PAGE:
Total Audience Reach (Twitter, Instagram, YouTube and TikTok)
Andrei Jikh runs a namesake personal finance YouTube channel with over 2.2 million subscribers and over 242 million views. His videos focus on investing and financial minimalism.
Prior to starting his YouTube channel, Jikh had been featured on numerous TV shows, including “Steve Harvey” and Nat Geo’s “Brain Games.” His big break came in 2013 when he consulted on the film “Now You See Me 2,” which stars Jesse Eisenberg, Morgan Freeman, Mark Ruffalo and Daniel Radcliffe. As “lead cardistry consultant,” Jikh spent two months in London helping the cast prepare and train for the popular card-throwing scene.
Why He’s a Top Money Expert:
Jikh’s popular YouTube channel explores the “magic of finance” in a way that’s both entertaining and educational.
What’s been your most popular video and why do you think it has resonated with so many viewers?
My most watched video happens to be a YouTube short, “Top Investments for the Metaverse.” I used an example of the MillionDollarHomepage.com, where people could buy a pixel to advertise their business. My video was actually a warning to be careful about investing in trends because the people that usually get rich are not investors, but the creators of those trends. [It’s an illustration of the] classic quote, “Better to sell shovels in a gold rush.”
What topic do you wish people were more informed about?
I wish people understood how simple money actually is. Here is the secret: buy low-cost broad market index funds and ignore the noise. YouTubers are noise. Money should be boring.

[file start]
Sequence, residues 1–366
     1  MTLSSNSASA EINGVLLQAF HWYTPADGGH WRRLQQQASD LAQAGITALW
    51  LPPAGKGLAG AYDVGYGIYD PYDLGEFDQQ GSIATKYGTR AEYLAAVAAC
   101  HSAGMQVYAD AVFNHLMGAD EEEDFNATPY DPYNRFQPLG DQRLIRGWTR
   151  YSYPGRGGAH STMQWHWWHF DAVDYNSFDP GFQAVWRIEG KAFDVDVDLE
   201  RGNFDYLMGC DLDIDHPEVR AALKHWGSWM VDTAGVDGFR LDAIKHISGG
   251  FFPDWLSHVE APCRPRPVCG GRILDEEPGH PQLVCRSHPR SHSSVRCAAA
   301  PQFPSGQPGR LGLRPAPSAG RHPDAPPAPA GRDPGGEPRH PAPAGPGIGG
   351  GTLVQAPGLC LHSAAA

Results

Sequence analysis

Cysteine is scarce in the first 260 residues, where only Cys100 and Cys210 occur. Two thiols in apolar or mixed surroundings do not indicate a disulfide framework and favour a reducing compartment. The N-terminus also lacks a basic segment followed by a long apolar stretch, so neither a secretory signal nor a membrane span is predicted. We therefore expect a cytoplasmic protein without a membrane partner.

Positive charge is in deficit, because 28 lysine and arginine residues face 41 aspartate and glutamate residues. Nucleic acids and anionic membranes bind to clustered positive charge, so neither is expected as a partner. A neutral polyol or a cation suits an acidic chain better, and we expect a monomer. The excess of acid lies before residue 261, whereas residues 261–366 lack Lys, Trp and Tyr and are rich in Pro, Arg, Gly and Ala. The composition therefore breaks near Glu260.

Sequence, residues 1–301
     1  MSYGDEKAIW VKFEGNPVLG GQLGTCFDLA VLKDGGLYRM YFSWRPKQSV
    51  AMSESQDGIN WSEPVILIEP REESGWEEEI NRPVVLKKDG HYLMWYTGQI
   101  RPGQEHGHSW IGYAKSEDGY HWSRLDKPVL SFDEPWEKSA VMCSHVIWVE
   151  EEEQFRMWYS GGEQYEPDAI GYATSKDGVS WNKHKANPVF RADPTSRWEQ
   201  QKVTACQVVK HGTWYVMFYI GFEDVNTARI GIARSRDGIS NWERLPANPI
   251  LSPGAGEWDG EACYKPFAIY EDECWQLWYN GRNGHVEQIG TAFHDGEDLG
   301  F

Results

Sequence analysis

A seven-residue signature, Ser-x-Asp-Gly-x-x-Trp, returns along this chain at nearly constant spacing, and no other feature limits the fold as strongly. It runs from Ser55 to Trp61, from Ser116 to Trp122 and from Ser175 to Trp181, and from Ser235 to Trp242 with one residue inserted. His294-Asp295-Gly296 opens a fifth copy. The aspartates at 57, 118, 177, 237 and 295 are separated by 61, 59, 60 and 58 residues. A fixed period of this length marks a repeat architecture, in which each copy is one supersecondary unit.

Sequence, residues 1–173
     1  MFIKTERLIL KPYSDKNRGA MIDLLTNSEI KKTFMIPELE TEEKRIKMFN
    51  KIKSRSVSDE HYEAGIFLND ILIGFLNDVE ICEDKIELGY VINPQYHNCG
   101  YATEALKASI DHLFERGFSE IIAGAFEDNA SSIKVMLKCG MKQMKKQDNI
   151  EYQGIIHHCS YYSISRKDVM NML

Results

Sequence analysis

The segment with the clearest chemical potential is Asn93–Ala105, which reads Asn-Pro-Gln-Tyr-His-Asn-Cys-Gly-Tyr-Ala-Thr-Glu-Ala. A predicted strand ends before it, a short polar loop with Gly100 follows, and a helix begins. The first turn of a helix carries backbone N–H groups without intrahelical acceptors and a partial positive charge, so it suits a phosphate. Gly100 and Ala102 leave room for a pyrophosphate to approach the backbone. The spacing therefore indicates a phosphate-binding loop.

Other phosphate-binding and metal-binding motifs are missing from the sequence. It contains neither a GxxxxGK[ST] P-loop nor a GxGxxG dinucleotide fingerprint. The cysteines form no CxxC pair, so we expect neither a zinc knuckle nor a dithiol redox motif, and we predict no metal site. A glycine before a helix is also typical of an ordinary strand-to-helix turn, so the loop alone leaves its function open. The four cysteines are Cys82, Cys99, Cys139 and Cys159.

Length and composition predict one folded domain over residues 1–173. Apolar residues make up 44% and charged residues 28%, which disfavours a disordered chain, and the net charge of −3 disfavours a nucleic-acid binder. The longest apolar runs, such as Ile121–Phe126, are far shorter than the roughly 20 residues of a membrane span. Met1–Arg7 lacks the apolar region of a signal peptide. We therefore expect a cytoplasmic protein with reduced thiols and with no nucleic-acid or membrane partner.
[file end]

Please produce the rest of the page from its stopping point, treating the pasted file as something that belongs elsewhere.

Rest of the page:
In a 20-year rolling period, the stock market always made money, but only if you stayed invested. That strategy will beat over 90% of professional hedge fund managers and traders. Ultimately, I try to creatively tie all my videos back to this simple concept.
Once you know the rules, then you can start breaking them. Unfortunately, most people start the other way around.
When I was younger, I thought there was only one best way to invest my money. As I got older, I realized why the real answer is, “it depends” — on your financial situation, your age, your goals and your personality. If investing was all about the highest returns, we’d all be over-leveraged real estate investors or all in on crypto. Diversification is important. There is a time and place for all assets to shine. First, learn the rules and then break them accordingly.
What’s the worst financial advice you’ve seen being given (on YouTube or elsewhere)?
The worst advice is usually [anything] that says, “This is the BEST thing to invest your money into.” There is no “best.” It’s called personal finance for a reason — it’s personal to all of us.